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Posts from the ‘Summer’ Category

Reading Recovery

Published in the year of his death from cancer, Henning Mankell’s After the Fire is a slow examination of a seventy-year-old’s confrontation with solitude and loss.  The protagonist, a retired doctor,  lives in a archipelago being visited by an arsonist, and we begin at the site of the first fire. Finding the arsonist is relegated to the background, as what it means to live in a community where trust is replaced by wariness is explored, even as death and old age is the larger specter in the forefront.  Yet this is an optimistic novel, where friendship and family, however distant, is embraced, sometimes gingerly, sometimes with affection.

This was the one of the last books I read before I broke my wrist, but not the last book I’ve read since.  There was a fatalistic stoicism in the narrative that strikes me deeper as  I now try to fill my days with no-impact activity.  Thus constrained to cat care, lackluster weeding, a great deal of sighing, a fascination of one-handed bottle opening techniques, elevating my arm on pillows, watching repeats of mysteries, instagram, I am reading with an awareness that my situation could have been worse.  The Great Believers by the quite brilliant Rebecca Makkai, a Claire Messud novel, Elif Safak‘s Forty Rules of Love,and a wonderful novel by Caitlin Macy called Mrs. Now, biding my time, easing insomnia, I am romping through Kevin Kwan‘s Crazy Rich Asians, which will become a film*. it has an all-Asian cast, for it is story about Asians.  Apparently, one filmperson wanted the heroine to be re-cast white, but no.  She will be a wary non-rich, non-crazy Asian woman portrayed by an Asian.

Sometimes  the fates shift the balance.

*the book is different than what the film preview shows, from dialogue to fashion, alas.

gallery of roses

Drinking Chocolate, Verb & Noun

Indira Ganesan, Drinking Chocolate, 2018

 

Let me try to describe it.  You open your mouth to take a taste, but it is like swallowing a thick river.  Then you remember to sip, and the maneuver works.  It is chocolate, but more so, in a cafe crowded for the weather, customers lined up for “hugs in mugs” ( TM) and hot mocha.  I order two thin chocolate lemon peels, thinking of espresso.  The taste complements, tart sweet.  Actually, that is almost the name of a smoothie here, made with beets, cukes, and more good things.  An eleven-year-old in this sweet shop orders it ; bless him.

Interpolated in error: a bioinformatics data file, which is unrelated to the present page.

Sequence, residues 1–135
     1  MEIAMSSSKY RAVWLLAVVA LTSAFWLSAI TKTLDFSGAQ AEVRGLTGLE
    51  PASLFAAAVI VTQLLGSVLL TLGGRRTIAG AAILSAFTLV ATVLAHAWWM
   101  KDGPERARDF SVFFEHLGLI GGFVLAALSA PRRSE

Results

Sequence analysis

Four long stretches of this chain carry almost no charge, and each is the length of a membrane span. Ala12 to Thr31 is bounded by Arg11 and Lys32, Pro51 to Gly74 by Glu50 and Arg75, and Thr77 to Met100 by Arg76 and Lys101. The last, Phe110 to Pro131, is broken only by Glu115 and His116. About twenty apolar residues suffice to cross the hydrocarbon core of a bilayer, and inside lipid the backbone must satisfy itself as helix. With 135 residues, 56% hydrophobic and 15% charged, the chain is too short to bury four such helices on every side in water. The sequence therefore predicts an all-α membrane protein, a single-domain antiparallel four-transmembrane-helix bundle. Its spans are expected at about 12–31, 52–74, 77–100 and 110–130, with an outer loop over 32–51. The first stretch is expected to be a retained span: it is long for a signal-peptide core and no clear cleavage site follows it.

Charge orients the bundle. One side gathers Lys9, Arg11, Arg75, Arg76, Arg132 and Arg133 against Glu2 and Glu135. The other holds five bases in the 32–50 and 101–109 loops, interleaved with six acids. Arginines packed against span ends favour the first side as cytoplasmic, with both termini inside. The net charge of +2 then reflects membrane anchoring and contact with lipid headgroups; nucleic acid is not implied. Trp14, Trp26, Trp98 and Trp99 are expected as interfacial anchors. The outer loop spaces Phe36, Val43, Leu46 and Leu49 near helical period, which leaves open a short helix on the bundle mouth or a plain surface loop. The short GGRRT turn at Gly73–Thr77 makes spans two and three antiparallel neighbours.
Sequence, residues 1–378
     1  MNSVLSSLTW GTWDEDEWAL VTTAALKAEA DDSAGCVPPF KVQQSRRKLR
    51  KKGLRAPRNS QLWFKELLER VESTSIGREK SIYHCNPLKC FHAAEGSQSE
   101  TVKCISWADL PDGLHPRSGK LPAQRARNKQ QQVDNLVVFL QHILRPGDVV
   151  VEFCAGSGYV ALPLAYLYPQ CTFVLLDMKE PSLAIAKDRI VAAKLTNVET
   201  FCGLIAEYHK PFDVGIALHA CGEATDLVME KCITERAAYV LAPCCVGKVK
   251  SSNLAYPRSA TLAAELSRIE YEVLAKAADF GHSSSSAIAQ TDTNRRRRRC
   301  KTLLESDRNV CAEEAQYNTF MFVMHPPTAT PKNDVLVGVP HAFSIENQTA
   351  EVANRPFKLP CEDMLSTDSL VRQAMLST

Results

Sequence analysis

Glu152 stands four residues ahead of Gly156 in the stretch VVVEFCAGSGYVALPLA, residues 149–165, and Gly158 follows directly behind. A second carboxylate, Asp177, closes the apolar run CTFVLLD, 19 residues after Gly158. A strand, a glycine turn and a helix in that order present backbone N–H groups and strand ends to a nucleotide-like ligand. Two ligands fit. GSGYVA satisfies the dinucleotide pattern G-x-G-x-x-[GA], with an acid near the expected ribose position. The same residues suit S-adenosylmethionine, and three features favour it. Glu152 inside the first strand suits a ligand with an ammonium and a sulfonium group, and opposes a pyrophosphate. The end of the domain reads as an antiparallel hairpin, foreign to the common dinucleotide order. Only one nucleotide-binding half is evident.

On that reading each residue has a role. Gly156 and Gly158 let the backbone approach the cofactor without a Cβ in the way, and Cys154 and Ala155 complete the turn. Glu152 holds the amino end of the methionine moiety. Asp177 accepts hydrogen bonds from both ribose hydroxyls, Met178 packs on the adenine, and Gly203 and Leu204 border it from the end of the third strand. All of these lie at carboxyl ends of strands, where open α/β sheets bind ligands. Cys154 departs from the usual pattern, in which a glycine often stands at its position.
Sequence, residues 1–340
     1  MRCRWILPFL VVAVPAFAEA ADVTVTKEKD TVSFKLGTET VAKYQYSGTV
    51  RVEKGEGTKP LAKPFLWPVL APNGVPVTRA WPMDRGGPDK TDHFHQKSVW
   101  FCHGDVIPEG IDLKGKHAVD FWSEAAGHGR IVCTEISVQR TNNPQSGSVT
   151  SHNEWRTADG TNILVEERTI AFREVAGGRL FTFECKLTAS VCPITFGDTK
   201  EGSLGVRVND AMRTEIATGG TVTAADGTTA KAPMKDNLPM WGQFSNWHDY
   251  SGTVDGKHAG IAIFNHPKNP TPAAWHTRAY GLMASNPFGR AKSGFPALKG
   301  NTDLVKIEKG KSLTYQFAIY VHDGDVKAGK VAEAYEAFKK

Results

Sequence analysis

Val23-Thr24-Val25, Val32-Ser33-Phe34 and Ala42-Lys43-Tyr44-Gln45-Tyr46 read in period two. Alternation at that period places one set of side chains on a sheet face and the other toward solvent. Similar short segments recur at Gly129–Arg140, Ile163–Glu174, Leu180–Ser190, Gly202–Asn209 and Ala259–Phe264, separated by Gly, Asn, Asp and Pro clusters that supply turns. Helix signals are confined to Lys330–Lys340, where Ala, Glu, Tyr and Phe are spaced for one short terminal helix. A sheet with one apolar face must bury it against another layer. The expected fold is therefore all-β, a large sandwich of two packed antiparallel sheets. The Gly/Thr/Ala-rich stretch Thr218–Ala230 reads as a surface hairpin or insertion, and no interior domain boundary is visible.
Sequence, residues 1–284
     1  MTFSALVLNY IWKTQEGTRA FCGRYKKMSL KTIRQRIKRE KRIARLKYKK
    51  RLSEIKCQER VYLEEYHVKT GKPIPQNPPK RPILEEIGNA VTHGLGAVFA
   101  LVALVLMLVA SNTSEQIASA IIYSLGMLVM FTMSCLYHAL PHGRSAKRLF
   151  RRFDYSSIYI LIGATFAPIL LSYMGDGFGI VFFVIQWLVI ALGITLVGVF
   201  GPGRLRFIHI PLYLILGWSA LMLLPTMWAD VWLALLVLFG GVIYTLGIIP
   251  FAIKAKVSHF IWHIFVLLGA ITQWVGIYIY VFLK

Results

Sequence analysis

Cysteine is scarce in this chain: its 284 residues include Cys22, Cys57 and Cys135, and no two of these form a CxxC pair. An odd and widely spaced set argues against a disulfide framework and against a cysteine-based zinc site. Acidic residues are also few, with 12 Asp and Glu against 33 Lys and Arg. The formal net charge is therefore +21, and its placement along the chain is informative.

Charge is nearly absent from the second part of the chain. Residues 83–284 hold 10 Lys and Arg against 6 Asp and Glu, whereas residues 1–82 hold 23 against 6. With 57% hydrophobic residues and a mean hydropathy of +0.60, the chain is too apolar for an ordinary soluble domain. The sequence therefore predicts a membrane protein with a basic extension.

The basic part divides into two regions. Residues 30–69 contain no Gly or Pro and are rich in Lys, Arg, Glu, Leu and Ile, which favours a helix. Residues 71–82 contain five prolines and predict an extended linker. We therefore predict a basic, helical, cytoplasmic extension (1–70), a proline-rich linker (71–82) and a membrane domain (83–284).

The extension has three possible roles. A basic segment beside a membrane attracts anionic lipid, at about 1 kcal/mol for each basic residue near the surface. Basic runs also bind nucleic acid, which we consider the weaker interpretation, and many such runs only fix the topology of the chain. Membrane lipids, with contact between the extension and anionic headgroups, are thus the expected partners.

Another circle, another fan

This time in my aunt’s house, in Chennai.  Can time be measured in circling ceiling fans, beating back the heat?  In the afternoons, perhaps, but mornings, papers rustle, the breeze cool.  It’s been almost ten years since I’ve been here last.  The family has gotten smaller, and grief leaks.  My father; my uncle.  Meals are served, the rustling papers read.  Outrage over the news.  Could not a million be spent than in the personal acquisition of Princess Diana’s private letters?  Imagine if that money was given to produce a play based on the letters instead.  The best line I’ve recently read is in Interred with Their Bones, a novel by Jennifer Lee Carrell:  “If you must choose a church, go to the theater.”

Yes, in India, musing about the royals, reading about Shakespeare, under a circling ceiling fan.  Outside, the air is thick with the noise of traffic, worship, capitalism. The indifferent cows only come out at night.

Unpacked, Mostly, with Some Photographs

Indira Ganesan, Light in the clouds

Indira Ganesa, Light in the Clouds2016

There is an essay by Natalia Ginzberg in which she writes about disliking summer: the heat, the crowds.  I felt a kinship immediately.  Summer for me is the cool shade, sipping cold drinks, and reading.  It is seeing the sea in the mist, the sharp clarity of mountain air.  And it is vacation to other places, something which is rare for me in most of summers.  I am two weeks back from a  family trip to London and Paris.  I traveled on Wow Air, packed a new Tom Bihn bag, realized I liked the journey to much more than the journey back, despite very good seatmates.  On the way to, I had the window, and much to anticipate.

Indira Ganesan, O Wow, 2016

Indira Ganesan, Wow View, 2016

 

In London, we saw the Chelsea Physic Garden, full of herbal lore and a nice tea.

Chelsea Physic Garden

Indira Ganesan, Chelsea Physic Garden, 2016

C.P. G: fruit

Indira Ganesan, C. P. G: fruit, 2016

C.P.G.: rose and lily

Indira Ganesan, C. P.G.: rose and lily, 2016

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Indira Ganesan, C.P.G: roses in trees, 2016

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Indira Ganesan, C.P.G: Bench with trellis, 2016

The reason for the trip started last October when my brother, sister-in-law, and niece logged in for theater tickets.

And after the play, there was more: to Stonehenge on a bus tour with an archeologist; Paris, where the croissants were drenched in butter,  and the gardens in bloom; and back to England to see my cousin & family. Discovering a mall underneath the Louvre  In between, I snuck a trip out to the country to see an old friend; met more old friends,and later floated floor by floor one afternoon in Waterstones.

 

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Indira Ganesan, Stonehenge, 2016

Indira Ganesan,Stonehenge II, 2016

Indira Ganesan,Stonehenge II, 2016

Waterstones mailed me a package covered in brown paper, filled with books.  It was already waiting for me when I got back. I might have used the same method to bring presents for friends, I realized too late. Reason enough to go back.

 

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